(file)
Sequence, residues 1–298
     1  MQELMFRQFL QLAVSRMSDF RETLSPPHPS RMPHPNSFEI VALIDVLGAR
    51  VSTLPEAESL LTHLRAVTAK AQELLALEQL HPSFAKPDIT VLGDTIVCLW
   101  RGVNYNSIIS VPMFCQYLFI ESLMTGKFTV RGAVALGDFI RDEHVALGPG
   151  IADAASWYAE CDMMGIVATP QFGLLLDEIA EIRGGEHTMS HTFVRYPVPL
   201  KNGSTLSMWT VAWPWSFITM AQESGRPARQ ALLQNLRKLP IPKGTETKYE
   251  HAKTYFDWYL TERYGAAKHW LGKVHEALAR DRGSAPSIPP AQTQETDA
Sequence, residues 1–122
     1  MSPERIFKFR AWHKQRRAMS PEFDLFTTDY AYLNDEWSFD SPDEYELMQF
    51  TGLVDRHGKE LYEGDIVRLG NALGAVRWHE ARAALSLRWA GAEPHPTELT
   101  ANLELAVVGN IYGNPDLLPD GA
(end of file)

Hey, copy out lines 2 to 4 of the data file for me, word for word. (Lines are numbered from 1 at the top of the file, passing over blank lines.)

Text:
     1  MQELMFRQFL QLAVSRMSDF RETLSPPHPS RMPHPNSFEI VALIDVLGAR
    51  VSTLPEAESL LTHLRAVTAK AQELLALEQL HPSFAKPDIT VLGDTIVCLW
   101  RGVNYNSIIS VPMFCQYLFI ESLMTGKFTV RGAVALGDFI RDEHVALGPG